Medical errors top list of public’s concerns
Arizona agency has QI project that reduces them
Health care organizations received an ego blow at the end of 1999 when an Institute of Medicine (IOM) report claimed that between 44,000 and 98,000 Americans die each year from medical errors.
These errors occur in all areas of health care and also result in permanent disabilities, according to William Richardson, chairman of the IOM committee that wrote the report.
The report followed quickly on the heels of an October 1999 jury decision in which a Texas man’s family was awarded $450,000 after the man died when given a drug to treat high blood pressure. He had been prescribed a drug for chest pain, and the pharmacist misread the cardiologist’s handwriting. Both the Albertson’s pharmacy in Odessa, TX, and the cardiologist, Ramachandra Kolluru, MD, were sued, and the verdict required them each to pay half the damages.
Other reports suggest that drug errors are on the rise. One study showed that medication errors nearly tripled from 1983 to 1993, and deaths from medication errors increased from about 3,000 in 1983 to more than 7,000 in 1993. The same study suggests that shorter hospital stays and a shift toward outpatient care have led to those medication problems.
Due to those alarming reports, President Clinton announced last December a list of initiatives to reduce medical errors and improve medication safety.
Home care staff are in a position to prevent some of those mistakes because they have access to patient’s medicine cabinets and can find out more about what the patient is taking than what any one physician might know.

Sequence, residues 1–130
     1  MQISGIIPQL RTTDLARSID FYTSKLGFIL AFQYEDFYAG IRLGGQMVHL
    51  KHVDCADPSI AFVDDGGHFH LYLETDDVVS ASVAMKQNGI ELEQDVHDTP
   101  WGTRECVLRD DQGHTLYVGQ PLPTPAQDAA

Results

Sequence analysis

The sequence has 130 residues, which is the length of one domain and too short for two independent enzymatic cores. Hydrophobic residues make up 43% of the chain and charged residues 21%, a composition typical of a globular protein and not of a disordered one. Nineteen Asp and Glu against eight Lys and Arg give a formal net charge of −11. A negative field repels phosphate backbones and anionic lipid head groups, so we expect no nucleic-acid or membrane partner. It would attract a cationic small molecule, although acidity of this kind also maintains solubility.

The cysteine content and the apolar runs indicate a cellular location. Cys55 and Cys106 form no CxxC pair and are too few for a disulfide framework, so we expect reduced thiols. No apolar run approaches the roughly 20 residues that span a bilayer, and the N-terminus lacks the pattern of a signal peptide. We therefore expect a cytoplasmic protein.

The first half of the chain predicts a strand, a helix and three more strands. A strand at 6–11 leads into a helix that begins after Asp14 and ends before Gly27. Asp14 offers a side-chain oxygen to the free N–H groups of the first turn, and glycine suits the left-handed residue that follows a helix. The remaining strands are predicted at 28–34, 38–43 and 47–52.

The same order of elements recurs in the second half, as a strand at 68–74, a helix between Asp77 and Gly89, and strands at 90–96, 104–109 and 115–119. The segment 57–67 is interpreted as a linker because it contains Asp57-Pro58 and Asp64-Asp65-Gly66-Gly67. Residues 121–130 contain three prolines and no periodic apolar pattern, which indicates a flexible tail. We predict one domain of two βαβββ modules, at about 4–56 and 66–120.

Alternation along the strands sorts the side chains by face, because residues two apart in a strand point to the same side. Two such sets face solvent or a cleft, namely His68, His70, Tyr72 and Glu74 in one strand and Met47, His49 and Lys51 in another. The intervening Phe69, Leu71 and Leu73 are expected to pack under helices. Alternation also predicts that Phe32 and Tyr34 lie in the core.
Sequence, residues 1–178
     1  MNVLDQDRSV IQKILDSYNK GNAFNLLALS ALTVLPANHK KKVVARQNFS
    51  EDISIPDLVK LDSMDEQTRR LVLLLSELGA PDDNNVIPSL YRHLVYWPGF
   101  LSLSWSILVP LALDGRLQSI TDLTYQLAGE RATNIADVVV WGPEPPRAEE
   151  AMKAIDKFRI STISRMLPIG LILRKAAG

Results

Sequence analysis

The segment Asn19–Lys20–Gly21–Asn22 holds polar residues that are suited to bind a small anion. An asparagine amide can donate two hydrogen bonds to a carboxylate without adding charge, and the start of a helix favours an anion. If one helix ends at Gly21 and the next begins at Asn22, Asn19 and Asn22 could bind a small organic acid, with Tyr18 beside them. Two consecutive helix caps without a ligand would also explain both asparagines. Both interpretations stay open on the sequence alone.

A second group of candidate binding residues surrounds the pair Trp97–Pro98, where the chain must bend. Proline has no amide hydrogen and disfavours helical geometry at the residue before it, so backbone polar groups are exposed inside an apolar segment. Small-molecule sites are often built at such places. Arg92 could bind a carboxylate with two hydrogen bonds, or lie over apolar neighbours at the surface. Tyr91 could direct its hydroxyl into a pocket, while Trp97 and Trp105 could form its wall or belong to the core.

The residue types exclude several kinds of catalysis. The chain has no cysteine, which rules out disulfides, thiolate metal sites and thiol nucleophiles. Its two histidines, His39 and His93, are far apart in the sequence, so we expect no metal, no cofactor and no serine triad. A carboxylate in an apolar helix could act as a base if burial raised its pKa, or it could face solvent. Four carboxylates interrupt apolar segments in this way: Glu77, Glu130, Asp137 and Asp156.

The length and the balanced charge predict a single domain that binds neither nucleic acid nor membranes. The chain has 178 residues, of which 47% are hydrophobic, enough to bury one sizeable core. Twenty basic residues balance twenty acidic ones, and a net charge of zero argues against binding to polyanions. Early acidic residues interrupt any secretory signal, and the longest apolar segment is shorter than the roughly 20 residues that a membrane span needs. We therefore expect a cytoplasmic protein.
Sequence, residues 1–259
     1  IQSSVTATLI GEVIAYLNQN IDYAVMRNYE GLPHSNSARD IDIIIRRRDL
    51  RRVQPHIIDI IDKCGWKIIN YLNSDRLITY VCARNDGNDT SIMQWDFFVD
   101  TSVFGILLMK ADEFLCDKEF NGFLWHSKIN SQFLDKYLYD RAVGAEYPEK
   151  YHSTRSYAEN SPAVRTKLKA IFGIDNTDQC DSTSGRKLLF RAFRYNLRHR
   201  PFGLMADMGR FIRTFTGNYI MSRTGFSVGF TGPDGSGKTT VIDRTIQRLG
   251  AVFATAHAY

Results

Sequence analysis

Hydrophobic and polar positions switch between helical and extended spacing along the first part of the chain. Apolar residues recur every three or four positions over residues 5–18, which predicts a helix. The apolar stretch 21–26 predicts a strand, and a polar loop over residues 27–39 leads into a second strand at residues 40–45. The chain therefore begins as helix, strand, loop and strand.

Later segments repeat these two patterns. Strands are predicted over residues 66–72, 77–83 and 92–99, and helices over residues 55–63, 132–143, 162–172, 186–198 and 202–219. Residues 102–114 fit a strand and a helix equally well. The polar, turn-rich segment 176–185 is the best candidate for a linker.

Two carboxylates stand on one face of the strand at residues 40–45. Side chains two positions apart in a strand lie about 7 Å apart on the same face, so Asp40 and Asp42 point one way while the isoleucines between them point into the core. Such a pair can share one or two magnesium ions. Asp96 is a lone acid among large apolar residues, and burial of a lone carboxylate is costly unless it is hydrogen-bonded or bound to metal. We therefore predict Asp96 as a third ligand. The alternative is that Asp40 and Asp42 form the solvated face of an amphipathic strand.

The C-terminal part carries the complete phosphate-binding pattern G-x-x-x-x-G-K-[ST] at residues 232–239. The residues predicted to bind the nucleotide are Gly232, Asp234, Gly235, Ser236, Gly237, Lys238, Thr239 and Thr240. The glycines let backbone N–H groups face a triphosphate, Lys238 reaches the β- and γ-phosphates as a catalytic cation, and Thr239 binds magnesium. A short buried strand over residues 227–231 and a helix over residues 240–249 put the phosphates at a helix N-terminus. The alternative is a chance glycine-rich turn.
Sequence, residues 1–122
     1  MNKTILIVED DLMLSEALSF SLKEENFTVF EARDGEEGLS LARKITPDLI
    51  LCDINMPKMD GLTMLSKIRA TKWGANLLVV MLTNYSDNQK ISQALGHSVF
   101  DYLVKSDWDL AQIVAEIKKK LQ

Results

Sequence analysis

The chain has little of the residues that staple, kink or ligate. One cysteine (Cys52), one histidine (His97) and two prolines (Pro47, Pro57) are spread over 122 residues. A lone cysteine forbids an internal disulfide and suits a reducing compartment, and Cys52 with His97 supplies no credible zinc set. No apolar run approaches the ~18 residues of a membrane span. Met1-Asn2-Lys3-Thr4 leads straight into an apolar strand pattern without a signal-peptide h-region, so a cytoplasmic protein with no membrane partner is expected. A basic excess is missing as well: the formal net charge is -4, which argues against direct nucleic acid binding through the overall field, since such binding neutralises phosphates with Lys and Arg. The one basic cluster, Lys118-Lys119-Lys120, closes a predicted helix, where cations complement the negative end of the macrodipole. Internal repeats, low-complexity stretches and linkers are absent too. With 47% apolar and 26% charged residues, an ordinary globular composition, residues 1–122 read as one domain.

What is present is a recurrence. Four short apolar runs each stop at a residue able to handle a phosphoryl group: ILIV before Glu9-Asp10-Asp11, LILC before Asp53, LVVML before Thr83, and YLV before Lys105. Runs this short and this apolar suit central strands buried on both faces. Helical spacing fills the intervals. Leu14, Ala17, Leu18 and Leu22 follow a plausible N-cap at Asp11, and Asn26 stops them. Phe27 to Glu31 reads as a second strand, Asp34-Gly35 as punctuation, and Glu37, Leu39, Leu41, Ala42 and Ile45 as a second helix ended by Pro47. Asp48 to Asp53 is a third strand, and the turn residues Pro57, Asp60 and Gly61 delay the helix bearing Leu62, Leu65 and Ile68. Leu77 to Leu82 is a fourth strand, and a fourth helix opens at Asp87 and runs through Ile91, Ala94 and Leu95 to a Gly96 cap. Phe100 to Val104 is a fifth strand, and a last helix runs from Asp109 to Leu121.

"We find an accumulation of medications, and lots of times the doctor doesn’t even know what they’re taking," says Loretta Wellborn, RN, MS, director of Northern Arizona Homecare in Flagstaff, AZ.
Northern Arizona Homecare has taken a series of quality improvement steps to prevent medication and other medical errors. These include:
• Create medication profile. Nurses, using laptop computers for documentation, create a medication profile of each home care patient. They list all of the patient’s prescribed and over-the-counter drugs, based on what patients say they are taking and what nurses observe during a home care visit.
Once those profiles are logged in, the software program creates medication teaching sheets that nurses can review with patients. The program also alerts nurses to any potential food-drug or drug-drug interactions.
• Have pharmacist review med profile. The agency has its own staff pharmacist who reviews the medication profiles to make sure there are not any potential problems. For example, if a patient is prescribed the drug Coumadin and the patient also takes aspirin, there could be a significant drug interaction, Wellborn explains. "We end up being a detective in home health."
Nurses will also consult with the pharmacist when the patient experiences problems that could be side effects from one or more medications. The pharmacist is often in the best position to determine whether a drug is causing a side effect, Wellborn says. "It could be from a drug the patient was prescribed earlier; and since everyone has different doctors these days, with one specialist for one medication and another specialist for another medication, we try to monitor that closely."